RE109 World Religions

for S1J 2007

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Mission Statement: The mission of Park University, an entrepreneurial institution of learning, is to provide access to academic excellence, which will prepare learners to think critically, communicate effectively and engage in lifelong learning while serving a global community.

Vision Statement: Park University will be a renowned international leader in providing innovative educational opportunities for learners within the global society.


RE 109 World Religions


S1J 2007 DN


McGregor, Neal L.


Senior Professor


A A Law Enforcement, Johnson County Community College
BS  Management/HR/Criminal Justice/Social Psychology,  Park University;  MA in Religion, Park University
MBA in Organizational Behevior, University of Missouri; Ph.D. Management and Administration, Walden University

Daytime Phone

Pager 816 881 9191

Other Phone

Home Phone 816 224 4833


Semester Dates

01/15/07 to 03/11/07

Class Days


Class Time

5:30 - 9:50 PM

Credit Hours


     Toropov, B. & Buckles, L. (1996).  The complete idiot's guide to the world's religions.  NY: Alpha Books.

     Smith, H. (1994).  The illustrated world's religions: A guide to our wisdom traditions.  1st. ed.  San Francisco: HarperSanFrancisco

Textbooks can be purchased through the MBS bookstore

Textbooks can be purchased through the Parkville Bookstore

Additional Resources:

McAfee Memorial Library - Online information, links, electronic databases and the Online catalog. Contact the library for further assistance via email or at 800-270-4347.
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Course Description:
An introduction to the religion of humankind from the earliest records of spiritual life to the great religions of today. The course recognizes the possibilities of dialogue among the living traditions around the world and the resources within the local community. 3:0:3

Educational Philosophy:

Basic Premise:

Education is a right that every person.  Whether for advancement in employment, to enhance one’s current education, or to satisfy one’s joy of learning, educators should make every effort to open doors for learners.


 First and foremost, focus of education and learning is for students, and is not about the educator.  While respect and dignity for instructors should be part of any learning environment, students are the reason for course work, the lectures, the readings and the measured outcomes.

Education and learning are not accomplished in a vacuum.  Learning is often enhanced by its application in real life situations and conditions.  To this end, teaching is expanded when it consists of strong theoretical bases for perspective, wide understanding of the scholarly work of a discipline for depth within the field, and good grounding in practical application for constructive use of knowledge.

The classroom is the primary meeting place for students and educators.  The classroom should exhibit the tenets of openness to learning from whatever direction it is received. Learning is a reciprocating process between students, teachers, and advancement of knowledge.  Teaching may come from students as well as teachers, and each person in the classroom environment should be respected for their own worth as a person, and a rational human.  The environment of the classroom should the express ideas of democracy as held in a free nation allowing for open expression of thought and speech.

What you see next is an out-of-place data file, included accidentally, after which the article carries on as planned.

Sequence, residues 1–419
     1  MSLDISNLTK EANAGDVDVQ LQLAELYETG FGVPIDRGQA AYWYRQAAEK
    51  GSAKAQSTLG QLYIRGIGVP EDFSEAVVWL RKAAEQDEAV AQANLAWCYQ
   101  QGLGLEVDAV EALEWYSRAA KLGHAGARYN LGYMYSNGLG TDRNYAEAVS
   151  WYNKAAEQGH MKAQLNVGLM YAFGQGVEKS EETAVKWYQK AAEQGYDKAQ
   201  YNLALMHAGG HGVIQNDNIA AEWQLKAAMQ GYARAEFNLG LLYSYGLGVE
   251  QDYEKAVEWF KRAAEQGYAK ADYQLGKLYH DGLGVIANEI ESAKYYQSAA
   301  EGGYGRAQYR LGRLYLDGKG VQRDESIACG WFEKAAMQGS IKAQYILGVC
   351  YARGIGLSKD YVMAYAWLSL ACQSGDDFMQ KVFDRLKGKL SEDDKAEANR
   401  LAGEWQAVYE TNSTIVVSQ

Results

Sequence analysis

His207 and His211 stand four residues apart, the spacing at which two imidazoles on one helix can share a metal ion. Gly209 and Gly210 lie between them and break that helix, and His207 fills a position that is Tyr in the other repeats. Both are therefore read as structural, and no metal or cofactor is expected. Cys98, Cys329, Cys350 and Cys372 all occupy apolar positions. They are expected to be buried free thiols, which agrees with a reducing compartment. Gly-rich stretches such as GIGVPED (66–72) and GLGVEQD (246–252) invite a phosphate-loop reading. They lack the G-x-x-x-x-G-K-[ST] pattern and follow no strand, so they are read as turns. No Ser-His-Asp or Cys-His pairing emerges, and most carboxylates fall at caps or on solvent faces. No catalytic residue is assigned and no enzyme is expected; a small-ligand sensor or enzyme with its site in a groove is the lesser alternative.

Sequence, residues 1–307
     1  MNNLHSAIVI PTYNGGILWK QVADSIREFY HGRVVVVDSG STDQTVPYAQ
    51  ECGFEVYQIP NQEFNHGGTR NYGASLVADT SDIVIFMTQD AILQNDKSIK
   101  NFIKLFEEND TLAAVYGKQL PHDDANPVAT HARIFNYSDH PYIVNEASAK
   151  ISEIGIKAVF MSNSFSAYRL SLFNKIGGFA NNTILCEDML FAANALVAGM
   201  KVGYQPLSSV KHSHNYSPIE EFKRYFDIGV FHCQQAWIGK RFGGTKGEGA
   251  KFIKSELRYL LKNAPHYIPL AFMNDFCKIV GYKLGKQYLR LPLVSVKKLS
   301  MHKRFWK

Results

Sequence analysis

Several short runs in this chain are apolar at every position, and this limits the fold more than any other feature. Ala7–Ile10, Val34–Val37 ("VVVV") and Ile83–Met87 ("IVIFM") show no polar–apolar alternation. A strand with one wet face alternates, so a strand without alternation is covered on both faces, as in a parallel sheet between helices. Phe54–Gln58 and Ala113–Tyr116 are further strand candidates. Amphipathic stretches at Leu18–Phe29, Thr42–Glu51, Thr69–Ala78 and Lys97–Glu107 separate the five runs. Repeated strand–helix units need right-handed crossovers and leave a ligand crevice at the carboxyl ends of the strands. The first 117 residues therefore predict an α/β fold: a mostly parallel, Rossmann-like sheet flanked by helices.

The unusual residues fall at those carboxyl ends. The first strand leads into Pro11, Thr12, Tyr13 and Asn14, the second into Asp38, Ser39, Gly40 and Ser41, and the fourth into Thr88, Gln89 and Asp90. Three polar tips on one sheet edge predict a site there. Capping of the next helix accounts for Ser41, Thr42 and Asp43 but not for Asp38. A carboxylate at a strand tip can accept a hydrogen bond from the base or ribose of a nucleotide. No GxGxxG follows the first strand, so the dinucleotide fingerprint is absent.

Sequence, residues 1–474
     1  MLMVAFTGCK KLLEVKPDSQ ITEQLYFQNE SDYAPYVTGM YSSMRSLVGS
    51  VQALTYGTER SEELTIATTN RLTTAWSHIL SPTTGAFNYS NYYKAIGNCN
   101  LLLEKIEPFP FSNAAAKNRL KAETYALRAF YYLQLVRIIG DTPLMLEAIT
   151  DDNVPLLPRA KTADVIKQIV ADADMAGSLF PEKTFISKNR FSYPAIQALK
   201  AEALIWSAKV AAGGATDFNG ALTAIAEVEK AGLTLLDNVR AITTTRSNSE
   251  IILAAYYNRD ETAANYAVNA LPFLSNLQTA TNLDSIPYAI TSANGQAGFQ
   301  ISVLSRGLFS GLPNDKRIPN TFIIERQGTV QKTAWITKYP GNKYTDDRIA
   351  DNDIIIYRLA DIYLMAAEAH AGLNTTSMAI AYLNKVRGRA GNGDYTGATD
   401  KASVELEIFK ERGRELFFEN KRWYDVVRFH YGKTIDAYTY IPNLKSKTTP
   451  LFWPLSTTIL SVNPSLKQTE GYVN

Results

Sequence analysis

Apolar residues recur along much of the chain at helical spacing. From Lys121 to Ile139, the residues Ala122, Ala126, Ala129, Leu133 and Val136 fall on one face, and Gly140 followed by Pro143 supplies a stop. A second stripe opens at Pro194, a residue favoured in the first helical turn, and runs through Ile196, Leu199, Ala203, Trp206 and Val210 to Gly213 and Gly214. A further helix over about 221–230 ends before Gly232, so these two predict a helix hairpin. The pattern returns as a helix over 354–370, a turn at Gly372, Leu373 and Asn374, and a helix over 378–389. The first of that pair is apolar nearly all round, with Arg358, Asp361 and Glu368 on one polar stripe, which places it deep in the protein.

While the classroom is the primary meeting place, it is only a part of the teaching process and learning experience.  Teachers should be available to students when students need teachers.  Need should be met when possible and appropriate to benefit the progress and growth of the parties involved.

Nothing being known certain makes all knowledge tentative and open to challenge.  This position opens many possibilities for learning, but also creates an uncertain environment for many who are uninformed or have made up their minds about many issues in life.  The educator should challenge, but not destroy student’s held beliefs.  The challenge is about knowledge, and not about beliefs or positions on issues.  The educator must be able to open areas of discussion without demanding adherence to ideology.  Critical thinking, logic, and reasonableness must be the basis for exploration of academic issues.  When the teaching is done, it is for the student to decide how to use knowledge.

Learning only stops when one decides to end the process.  Graduation, diplomas, and degrees are the beginning.  Learning is a lifelong process and privilege.  Teaching is a position of honor that has many duties and responsibilities, all of which find their beginning and meaning in learning.

  Instructor Learning Outcomes

  1. Students will learn a method by which to classify, compare and contrast various world faith communities.
  2. Students will understand how worldviews influence the development of various faith perspectives and visa-versa.
  3. Students will learn how to objectively research, compile, and organize academic sources about world religions.
  4. Students will learn a variety of theories of the origins of religion.
Class Assessment:


 Term Paper
Term Paper Draft
Current Issues
Chapter Quizzes
Class Participation

The term paper is the most important part of the work during the term.  This in no ways indicates that other requirements are to be ignored.  However, without a good score on the term paper, success in the course is limited.  Therefore, students will be required to begin the term paper the first night of instruction.  As part of the first session lecture, details about the term paper will be discussed and clarified.  All student must select a topic for the term paper during the initial session.  The term paper is to be e-mailed to the instructor no later than Tuesday at 11:59 PM of the last week of instruction.

A draft of the term paper is expected by the fifth week of classes.  The more complete the draft the better.  The instructor will edit and correct the draft and return it to the student.  If the student makes the necessary adjustment to the paper, they will receive an A for the paper.  The draft must be e-mailed to the instructor no later than Saturday at 11:59 PM of the fifth week of instruction.